Looking for some advice to get your scalp and strands in top condition ready for when lockdown lifts? Four hair experts share their top tips
Zoë Irwin, creative director at John Frieda Salons
“Exfoliating the skin is a completely acceptable thing to do, so really why would you stop at your hair line? Healthy hair is all about creating a healthy scalp. NIOXIN Dermabrasion treatment is an in-salon exfoliation treatment for the scalp. If you think in terms of creating a blank canvas to start with, this is the treatment that will do exactly that. It’s a must have for any clients after having had such a long break from the salon,”
Robert Eaton, creative director of Russell Eaton
“If someone’s hair is feeling particularly dry or thin, or simply just needing some TLC, the most important thing a client can do is visit their salon for expert advice from their hairdresser. It’s been a really stressful time for so many people, and that will take its toll on clients’ hair. Very often this isn’t evident straight away – there’s often a two to four month delay before clients may notice problems with hair shedding or thinning. Prior to lockdown, we were seeing clients, who may have had Covid-19 four months previously, and were only just seeing the effect it had on both their hair and skin.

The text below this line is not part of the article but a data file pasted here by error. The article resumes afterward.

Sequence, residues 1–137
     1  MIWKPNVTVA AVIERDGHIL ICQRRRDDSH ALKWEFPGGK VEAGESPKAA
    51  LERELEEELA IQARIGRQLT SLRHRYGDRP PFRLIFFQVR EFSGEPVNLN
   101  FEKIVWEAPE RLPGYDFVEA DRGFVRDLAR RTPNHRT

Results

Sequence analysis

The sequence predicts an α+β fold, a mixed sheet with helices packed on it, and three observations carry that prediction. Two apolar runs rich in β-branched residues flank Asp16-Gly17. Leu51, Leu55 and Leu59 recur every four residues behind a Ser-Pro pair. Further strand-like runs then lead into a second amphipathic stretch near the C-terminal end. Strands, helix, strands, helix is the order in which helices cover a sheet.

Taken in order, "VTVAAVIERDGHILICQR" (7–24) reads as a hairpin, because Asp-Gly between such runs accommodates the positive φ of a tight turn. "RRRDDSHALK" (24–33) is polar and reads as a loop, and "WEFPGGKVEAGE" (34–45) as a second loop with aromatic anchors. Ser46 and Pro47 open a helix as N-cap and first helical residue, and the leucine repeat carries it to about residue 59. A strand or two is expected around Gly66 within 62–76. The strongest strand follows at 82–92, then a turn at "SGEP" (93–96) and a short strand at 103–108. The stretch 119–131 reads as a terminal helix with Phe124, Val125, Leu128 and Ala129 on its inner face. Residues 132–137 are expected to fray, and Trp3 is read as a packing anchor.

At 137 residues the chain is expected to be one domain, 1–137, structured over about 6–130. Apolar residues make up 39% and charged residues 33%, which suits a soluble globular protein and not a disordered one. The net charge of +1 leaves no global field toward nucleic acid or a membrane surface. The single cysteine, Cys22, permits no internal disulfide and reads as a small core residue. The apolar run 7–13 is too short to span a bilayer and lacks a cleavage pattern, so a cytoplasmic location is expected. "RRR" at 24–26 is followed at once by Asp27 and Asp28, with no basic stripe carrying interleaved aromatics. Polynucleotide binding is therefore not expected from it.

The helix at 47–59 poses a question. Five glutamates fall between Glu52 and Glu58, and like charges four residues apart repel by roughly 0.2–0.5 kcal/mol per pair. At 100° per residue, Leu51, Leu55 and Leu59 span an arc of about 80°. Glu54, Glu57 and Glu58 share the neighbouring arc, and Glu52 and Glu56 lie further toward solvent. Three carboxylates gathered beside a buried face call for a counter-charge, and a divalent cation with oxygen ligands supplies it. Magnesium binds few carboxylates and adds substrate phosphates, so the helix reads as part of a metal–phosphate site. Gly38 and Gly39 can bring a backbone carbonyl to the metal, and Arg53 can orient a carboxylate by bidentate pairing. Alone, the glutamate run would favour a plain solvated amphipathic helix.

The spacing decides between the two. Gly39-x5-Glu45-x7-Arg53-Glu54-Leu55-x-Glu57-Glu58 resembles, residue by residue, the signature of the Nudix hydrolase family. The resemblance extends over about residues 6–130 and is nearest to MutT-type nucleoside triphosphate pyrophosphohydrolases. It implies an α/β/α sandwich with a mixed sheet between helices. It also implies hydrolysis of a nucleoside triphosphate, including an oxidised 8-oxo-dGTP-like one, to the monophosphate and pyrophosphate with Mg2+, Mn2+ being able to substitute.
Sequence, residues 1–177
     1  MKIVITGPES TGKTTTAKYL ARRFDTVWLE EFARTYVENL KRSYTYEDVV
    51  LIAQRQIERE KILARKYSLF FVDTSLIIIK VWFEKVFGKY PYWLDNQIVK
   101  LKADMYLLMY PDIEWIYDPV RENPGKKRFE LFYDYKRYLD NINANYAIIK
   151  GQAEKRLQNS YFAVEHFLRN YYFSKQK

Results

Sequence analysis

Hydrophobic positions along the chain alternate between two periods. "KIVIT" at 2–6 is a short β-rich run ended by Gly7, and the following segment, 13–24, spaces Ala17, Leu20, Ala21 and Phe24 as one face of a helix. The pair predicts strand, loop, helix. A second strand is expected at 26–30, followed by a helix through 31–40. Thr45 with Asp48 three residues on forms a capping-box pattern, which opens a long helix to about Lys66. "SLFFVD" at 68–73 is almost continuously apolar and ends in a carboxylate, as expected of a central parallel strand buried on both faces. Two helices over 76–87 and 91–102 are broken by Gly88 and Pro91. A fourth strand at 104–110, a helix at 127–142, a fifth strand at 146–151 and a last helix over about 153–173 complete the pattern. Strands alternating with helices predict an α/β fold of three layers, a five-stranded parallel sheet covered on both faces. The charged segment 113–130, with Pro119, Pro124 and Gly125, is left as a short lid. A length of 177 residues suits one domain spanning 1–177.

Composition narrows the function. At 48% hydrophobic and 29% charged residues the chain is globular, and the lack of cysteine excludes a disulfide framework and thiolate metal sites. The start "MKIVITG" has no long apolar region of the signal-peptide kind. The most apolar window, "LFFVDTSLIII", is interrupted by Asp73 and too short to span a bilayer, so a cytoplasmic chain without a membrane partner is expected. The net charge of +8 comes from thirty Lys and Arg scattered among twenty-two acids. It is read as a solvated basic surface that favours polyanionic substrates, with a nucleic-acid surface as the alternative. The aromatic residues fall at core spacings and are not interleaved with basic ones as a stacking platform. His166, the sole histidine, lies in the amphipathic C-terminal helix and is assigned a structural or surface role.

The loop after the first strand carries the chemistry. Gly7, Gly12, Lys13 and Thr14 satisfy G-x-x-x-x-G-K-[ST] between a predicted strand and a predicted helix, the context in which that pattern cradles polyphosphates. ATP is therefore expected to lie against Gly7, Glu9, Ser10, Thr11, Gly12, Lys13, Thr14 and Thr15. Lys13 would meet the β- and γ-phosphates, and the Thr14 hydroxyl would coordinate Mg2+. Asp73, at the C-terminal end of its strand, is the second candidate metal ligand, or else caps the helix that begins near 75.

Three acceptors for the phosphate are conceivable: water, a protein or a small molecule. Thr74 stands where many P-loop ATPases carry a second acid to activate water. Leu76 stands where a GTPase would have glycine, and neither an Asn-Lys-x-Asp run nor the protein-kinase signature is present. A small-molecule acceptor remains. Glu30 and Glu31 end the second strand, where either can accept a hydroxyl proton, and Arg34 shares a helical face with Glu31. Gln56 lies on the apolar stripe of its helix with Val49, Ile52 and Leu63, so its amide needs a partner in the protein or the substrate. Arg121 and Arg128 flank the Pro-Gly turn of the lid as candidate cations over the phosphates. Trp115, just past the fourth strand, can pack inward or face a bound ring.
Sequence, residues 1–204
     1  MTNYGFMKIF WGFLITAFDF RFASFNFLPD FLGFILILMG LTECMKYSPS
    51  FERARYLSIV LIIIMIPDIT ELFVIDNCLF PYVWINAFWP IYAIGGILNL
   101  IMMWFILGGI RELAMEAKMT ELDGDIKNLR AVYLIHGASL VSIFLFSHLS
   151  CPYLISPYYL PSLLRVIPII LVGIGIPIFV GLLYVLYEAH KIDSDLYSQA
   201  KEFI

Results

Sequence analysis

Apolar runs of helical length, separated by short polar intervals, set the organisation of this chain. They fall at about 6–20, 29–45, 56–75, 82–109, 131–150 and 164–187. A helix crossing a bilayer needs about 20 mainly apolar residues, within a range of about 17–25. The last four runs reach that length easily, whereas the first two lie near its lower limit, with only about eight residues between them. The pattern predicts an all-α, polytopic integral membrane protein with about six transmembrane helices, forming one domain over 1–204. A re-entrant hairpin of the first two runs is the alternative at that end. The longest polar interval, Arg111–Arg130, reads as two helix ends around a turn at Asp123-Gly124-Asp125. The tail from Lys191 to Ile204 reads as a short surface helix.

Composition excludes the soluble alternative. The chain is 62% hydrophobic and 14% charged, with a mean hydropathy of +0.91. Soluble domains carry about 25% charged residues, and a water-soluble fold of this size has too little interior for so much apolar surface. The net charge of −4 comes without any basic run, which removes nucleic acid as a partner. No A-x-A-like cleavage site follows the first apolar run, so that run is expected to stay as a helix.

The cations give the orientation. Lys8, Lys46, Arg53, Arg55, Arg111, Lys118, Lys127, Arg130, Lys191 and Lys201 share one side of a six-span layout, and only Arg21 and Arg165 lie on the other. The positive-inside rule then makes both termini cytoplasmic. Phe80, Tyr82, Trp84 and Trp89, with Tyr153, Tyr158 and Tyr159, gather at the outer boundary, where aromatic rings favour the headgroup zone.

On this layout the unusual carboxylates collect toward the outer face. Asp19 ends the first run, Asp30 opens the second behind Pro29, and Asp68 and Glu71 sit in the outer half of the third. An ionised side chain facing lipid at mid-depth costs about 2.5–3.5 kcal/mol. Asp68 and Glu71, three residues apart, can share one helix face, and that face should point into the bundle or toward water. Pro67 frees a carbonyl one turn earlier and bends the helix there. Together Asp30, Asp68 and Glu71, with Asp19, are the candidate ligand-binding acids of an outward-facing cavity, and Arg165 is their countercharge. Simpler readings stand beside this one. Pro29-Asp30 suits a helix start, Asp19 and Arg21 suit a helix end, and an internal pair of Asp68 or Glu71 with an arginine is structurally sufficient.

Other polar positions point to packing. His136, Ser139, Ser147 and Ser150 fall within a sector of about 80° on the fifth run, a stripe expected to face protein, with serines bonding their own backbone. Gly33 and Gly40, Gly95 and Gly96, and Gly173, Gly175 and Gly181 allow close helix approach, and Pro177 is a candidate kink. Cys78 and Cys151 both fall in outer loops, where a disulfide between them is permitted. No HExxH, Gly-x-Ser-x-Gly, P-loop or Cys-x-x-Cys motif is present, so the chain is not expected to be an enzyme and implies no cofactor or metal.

Practical solutions will always be to make sure clients are always thinking about amazing home care and scalp serums – these are fantastic for nourishing the skin on the scalp. Feeding the hair from within and keeping its environment in the best possible condition is crucial for hair health – this encourages it to grow stronger, thicker and healthier. ”
Ricky Walters, owner of Salon 64
“Firstly, let’s not forget when we are washing our hair, we really mean we are washing our scalps. The scalp is the bed in which hair grows, but also where natural oils are produced, or in some cases not producing enough.
For those with a constant flaky scalp, this is very often stress related. With so much disruption going on in the world right now, I predict there will be several flaky heads of hair walking into the salon once we are open. If symptoms persist and do not clear up naturally or get worse, I would consult a GP as this could be a form of psoriasis.”
Katie Hale, head of colour at Charles Worthing Salons
“Keep brushing your hair everyday to help prevent the hair from tangling and creating knots. Brushing also stimulates the scalp, which has many positive benefits to the hair. While working from home, try not to tie the hair back in the same top knot or tight pony tail everyday, as this will only cause further breakage – more so than if you were to use heat. It’s good to allow the hair to rest, but I would still recommend washing and blow-drying but allow the hair to either rest down, or tie it back using a satin scrunchie.”
Searching for a hair hero? Read our round-up of the best hair products to save your strands.